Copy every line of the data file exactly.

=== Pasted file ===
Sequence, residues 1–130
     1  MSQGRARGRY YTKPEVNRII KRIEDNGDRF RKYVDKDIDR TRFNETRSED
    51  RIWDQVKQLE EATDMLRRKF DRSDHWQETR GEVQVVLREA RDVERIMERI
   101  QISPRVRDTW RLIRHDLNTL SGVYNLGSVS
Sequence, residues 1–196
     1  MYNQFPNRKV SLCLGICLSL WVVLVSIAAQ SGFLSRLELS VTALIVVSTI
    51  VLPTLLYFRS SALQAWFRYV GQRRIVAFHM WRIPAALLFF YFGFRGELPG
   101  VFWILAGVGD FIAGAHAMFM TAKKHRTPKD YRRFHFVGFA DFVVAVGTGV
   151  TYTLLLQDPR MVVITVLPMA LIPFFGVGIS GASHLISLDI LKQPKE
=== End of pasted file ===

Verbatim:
Sequence, residues 1–130
     1  MSQGRARGRY YTKPEVNRII KRIEDNGDRF RKYVDKDIDR TRFNETRSED
    51  RIWDQVKQLE EATDMLRRKF DRSDHWQETR GEVQVVLREA RDVERIMERI
   101  QISPRVRDTW RLIRHDLNTL SGVYNLGSVS
Sequence, residues 1–196
     1  MYNQFPNRKV SLCLGICLSL WVVLVSIAAQ SGFLSRLELS VTALIVVSTI
    51  VLPTLLYFRS SALQAWFRYV GQRRIVAFHM WRIPAALLFF YFGFRGELPG
   101  VFWILAGVGD FIAGAHAMFM TAKKHRTPKD YRRFHFVGFA DFVVAVGTGV
   151  TYTLLLQDPR MVVITVLPMA LIPFFGVGIS GASHLISLDI LKQPKE